Mirak-Weißbach-Stiftung


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Lusine Arakelyan with students


by Muriel Mirak-Weissbach
VIENNA and BERLIN, JULY 19, 2018 — Music lovers in Europe are not surprised when they discover an Armenian or two among the performers in the orchestra or chorus on stage at a classical concert. Now and again there are special guest performances of soloists, or dancers that tour Europe, like the famous Geghard dance ensemble. But it is highly unusual to attend a concert of young Armenian children. In late June-early July, just such a rare treat was offered in Vienna and Berlin, as a group of music students from Yerevan displayed their talents.
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Meri Mikayelyan

Both concerts took place in churches, in Vienna it was the St. Hripsime church on June 27 and in Berlin, the Paul Gerhadt Evangelical Parish on July 1. The youngsters are all students at the Alexey Hekimian Music school in Yerevan, and are 14 years old or younger. The classical concert, with Armenian works and the European repertoire, was organized on the occasion of the 2800th anniversary of Erebuni-Yerevan, and received the support of Sergey Avetisyan (Vienna), Abraam Kostanyan, Restaurant Yerevan and Artak Kirakosyan (Berlin). The concert in the German capital was organized under the auspices of the Association of the European and Armenian Experts e.V. – AEAE. The aim of the visit was to build cultural bridges between German and Armenian musicians from the younger generation and to provide them experience in artistic performance.
The ambitious program offered vocal and instrumental music, performed by soloists as well as ensembles, and in several languages. Among the vocal soloists were Izabella Brutyan who presented Pietro Labriol’s Welle, Welle, Vivian Gharibyan with Enrico Cannio’s Farewell, Carme, Kristina Zakaryan with Franz Weckerlen’s Serenade, Karine Avetisyan who sang Drigo’s Serenade, and Narek Sahakyan who performed Groong by Komitas.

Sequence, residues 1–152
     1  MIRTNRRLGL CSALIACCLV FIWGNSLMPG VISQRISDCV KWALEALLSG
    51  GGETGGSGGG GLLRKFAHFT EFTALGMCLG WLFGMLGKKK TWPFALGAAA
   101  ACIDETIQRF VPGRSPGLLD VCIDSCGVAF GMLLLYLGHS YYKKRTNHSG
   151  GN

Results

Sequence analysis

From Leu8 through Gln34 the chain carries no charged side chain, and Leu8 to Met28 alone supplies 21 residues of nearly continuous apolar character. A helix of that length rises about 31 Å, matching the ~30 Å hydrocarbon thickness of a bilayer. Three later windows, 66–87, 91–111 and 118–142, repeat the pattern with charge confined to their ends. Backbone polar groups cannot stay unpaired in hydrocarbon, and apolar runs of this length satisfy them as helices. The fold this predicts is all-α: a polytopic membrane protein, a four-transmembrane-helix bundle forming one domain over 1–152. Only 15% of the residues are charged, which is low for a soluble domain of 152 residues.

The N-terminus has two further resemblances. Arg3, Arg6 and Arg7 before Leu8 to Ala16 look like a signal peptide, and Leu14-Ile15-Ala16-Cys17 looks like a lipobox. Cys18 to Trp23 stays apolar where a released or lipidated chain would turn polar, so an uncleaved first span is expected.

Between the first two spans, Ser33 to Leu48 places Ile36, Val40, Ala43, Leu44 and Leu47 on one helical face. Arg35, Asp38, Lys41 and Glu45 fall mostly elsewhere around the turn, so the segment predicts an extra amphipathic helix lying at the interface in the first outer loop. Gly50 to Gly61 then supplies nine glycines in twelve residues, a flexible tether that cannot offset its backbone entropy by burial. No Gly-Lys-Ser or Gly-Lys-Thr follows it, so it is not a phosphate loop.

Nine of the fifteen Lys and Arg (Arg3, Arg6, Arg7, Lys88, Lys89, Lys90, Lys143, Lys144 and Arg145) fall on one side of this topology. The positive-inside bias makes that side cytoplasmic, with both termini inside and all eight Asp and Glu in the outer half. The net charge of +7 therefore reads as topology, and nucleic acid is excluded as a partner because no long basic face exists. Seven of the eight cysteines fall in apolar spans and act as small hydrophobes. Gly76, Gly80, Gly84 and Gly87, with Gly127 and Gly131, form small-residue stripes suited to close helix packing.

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Narek Sahakyan

From the Italian repertoire, Augustin Lara sang an aria from Verdi‘s opera “Rigoletto” and Narek Sahakyan sang Augustin Lara’s Granada.
Among the ensemble pieces were Komitas‘s Dance Songs of the Armenian Peasant, performed by a vocal quintet, who also presented the Armenian folk song Nubar Nubar. Kristina Zakaryan, Izabella Brutyan, and Vivian Gharibyan performed Swallow by Komitas. Alexej Hekimian’s Good-natured Stork was presented by Vivian Gharibyan and Kristina Avetisyan. Narek Sahakyan joined in a duet with Kristina Zakaryan to sing Franz Lehar‘s Lippen schweigen and with Vivian Gharibyan in Vincenzo di Chiara’s La Spagnola.
Instrumental soloists included pianists Anna Nazaryan with Georg Friedrich Händel’s Passacaglia, Hasmik Manukyan with E. Abrahamyan’s Prelude in E-flat major and Garnik Hayrapetyan with Arno Babajanyan’s Humoresque. Traditional Armenian instruments were also featured, with Meri Mikayelyan on the kanoun, playing a Hungarian Dance by Johannes Brahms and the folk dance melody, Erzrum‘s Lullaby, and on the santur, Tsovak Hambardzumyan’s Dance of Trabizon and Ashot Satyan’s If you know it?
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The Vocal Quintet


At the end of the concert in Berlin, the audience, standing, joined in to sing Erebuni-Yerevan, some with tears in their eyes. The youngsters received enthusiastic applause in both concerts. Members of the audience expressed their delight and amazement at the combination of natural talent and accomplished musical skills that the youngsters displayed. Young Narek Sahakyan, a “little Caruso,” was the star of the show. Singer Lusine Arakelyan, who accompanied the group, had good reason to be proud of her students, who were among the performers.